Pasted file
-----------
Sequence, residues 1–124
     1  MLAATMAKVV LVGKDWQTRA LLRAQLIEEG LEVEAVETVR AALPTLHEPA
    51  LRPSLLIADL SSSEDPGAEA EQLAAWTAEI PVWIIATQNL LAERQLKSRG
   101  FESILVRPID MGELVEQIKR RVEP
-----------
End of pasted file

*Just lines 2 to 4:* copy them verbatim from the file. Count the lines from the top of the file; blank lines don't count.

     1  MLAATMAKVV LVGKDWQTRA LLRAQLIEEG LEVEAVETVR AALPTLHEPA
    51  LRPSLLIADL SSSEDPGAEA EQLAAWTAEI PVWIIATQNL LAERQLKSRG
   101  FESILVRPID MGELVEQIKR RVEP